What Cognitive Neuroscience Tells Us About Creative Thinking

Unsurprisingly, cognitive neuroscience researchers have been taking a deep dive into the mechanics of creative thinking—and how to create the conditions for innovative thinking. Blue sky thinking: It’s a method of thinking that’s all about embracing innovation and possibilities, and is completely unfettered by the realities of executing a project or campaign. It’s also often the first step in the process creative agencies take when generating their next big idea or blockbuster campaign for their clients.

In my role as a content strategist with Fortune 500 companies, I’m often developing a dozen or more content campaigns, go-to-market strategies, and sales generation campaigns every quarter. In wildly divergent industries, and with different customer profiles, it often feels like I’m expected to turn on the creative tap and let the ideas flow in several directions at once.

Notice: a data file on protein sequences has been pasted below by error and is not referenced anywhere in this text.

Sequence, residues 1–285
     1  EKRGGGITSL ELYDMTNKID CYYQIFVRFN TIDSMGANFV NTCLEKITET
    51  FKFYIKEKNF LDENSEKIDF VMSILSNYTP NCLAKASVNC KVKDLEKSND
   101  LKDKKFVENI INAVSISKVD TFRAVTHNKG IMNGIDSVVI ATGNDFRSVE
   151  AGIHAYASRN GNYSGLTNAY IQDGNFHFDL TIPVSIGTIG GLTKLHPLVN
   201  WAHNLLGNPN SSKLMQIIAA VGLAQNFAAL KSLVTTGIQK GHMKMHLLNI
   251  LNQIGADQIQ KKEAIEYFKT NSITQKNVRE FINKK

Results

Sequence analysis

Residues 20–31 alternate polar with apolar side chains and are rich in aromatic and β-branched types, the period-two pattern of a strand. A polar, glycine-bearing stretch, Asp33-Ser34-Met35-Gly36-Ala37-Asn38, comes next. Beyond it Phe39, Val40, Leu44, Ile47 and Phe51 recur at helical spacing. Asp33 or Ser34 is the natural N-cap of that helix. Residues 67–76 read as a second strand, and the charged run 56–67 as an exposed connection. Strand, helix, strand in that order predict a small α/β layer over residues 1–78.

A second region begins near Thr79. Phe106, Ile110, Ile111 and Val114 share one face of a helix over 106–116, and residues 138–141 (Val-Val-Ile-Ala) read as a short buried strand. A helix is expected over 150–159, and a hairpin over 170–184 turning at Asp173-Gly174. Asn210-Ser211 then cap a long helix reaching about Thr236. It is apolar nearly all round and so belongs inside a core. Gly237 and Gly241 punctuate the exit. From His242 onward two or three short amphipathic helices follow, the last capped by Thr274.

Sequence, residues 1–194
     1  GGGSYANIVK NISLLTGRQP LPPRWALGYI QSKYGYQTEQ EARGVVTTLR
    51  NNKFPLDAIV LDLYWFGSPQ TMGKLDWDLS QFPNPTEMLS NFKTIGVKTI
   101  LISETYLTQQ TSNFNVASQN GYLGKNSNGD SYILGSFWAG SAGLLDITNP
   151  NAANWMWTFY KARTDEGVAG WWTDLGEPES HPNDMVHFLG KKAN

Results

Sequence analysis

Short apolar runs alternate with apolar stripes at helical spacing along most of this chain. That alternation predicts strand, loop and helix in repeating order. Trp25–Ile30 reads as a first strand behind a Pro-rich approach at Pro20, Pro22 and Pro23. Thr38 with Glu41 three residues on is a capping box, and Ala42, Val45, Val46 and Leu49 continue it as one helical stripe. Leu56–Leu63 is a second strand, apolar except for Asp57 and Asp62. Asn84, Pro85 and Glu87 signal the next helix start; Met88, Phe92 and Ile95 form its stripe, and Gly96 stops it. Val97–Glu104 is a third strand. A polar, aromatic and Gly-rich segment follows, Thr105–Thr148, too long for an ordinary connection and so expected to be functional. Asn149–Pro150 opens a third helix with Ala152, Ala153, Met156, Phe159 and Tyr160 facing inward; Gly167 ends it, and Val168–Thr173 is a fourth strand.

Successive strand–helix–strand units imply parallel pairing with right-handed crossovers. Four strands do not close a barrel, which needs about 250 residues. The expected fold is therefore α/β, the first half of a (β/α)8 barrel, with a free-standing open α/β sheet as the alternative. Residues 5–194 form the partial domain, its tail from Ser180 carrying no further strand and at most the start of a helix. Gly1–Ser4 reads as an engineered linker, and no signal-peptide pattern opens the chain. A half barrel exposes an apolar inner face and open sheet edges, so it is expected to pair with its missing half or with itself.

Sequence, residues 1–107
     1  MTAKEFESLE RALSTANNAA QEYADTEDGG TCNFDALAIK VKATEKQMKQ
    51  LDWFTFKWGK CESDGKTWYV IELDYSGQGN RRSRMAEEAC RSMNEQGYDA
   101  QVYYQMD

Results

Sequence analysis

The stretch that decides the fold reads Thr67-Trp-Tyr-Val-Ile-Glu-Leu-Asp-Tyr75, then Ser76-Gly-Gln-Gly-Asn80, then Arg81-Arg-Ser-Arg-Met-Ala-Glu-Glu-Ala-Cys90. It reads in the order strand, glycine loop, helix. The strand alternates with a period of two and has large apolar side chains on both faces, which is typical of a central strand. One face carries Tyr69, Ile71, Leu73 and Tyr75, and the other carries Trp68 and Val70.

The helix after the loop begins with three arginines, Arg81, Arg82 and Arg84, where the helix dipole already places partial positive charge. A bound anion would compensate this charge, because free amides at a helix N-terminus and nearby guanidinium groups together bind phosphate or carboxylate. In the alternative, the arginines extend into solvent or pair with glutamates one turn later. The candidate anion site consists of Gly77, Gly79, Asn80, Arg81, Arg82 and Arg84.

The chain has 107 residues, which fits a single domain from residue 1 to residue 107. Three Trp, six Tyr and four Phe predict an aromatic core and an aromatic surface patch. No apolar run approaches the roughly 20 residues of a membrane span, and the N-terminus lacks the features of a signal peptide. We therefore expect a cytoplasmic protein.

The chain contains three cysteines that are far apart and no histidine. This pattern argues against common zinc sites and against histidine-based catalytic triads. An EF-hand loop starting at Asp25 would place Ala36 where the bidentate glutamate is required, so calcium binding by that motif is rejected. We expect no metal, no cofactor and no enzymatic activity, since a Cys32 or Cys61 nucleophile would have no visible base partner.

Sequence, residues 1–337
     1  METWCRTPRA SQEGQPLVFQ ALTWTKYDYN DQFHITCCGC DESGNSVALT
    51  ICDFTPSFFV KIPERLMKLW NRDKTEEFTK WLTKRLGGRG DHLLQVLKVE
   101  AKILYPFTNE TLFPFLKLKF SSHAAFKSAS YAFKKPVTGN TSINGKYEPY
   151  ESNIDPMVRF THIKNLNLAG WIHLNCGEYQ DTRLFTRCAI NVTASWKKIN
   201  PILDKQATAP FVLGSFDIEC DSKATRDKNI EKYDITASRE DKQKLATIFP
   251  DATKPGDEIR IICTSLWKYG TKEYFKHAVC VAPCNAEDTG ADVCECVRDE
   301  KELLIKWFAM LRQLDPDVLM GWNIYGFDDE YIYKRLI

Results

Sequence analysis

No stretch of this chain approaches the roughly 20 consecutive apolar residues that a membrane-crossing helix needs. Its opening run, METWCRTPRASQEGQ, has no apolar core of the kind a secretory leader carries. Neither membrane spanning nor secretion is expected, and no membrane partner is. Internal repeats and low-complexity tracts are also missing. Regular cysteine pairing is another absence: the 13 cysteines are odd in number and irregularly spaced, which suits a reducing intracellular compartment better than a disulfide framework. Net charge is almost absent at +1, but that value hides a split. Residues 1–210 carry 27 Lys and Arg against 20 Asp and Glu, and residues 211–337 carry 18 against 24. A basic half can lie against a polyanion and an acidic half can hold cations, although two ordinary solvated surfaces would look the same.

What happens in that space between looking at the completely blank canvas of possibilities for shaping a campaign and creating something tangible enough for writers, artists, editorial teams, and data people to execute? And what happens—between developing multiple campaigns and pursuing writing projects—when the tap simply runs dry? When both your financial well-being and your personal identity depend in part or in total on your creative abilities, the uncomfortable reality is that you simply don’t have time to lose to creative blockages. Here’s a closer look at what the latest cognitive research suggests about creative burnout and how to prevent it.

Image attribution: Joshua Earle

Can Creativity Thrive on a 24/7 Cycle?

Recently, I was working on an in-depth campaign strategy. Preparing the creative brief involved approximately twenty hours of interviews (and then combing through their transcripts), reading a couple of thousand pages of reports, and conducting a detailed business analysis and competitive market assessment. It was full immersion, and contacts were…

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